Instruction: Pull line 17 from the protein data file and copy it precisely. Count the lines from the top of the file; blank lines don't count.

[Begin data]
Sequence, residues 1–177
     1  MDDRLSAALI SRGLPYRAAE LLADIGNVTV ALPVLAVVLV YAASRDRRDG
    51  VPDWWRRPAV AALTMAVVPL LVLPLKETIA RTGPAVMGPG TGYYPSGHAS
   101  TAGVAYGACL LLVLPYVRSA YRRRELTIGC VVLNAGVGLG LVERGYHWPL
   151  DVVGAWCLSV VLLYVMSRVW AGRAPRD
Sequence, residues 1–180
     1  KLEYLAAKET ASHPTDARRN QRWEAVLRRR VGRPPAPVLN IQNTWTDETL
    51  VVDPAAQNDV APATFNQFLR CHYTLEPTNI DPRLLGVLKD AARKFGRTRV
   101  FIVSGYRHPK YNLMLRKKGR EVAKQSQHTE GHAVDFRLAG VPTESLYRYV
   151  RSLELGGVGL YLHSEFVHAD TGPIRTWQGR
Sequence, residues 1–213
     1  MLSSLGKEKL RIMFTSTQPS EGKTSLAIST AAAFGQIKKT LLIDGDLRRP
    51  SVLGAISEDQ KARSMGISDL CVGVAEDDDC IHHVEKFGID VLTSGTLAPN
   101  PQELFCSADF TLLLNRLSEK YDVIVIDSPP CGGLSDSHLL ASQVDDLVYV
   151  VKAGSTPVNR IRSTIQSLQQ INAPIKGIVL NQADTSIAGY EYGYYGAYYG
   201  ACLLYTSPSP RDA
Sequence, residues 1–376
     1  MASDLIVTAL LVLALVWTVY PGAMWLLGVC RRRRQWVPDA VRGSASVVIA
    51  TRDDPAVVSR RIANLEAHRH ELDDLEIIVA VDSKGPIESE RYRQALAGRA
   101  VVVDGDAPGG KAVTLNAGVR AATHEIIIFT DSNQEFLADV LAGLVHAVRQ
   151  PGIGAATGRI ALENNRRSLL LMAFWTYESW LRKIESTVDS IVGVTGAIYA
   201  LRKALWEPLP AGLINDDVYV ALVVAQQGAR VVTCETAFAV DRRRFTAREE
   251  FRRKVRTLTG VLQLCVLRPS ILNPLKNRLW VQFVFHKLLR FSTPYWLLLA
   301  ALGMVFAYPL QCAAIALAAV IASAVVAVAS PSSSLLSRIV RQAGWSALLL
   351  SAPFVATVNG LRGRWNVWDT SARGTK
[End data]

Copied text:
Sequence, residues 1–376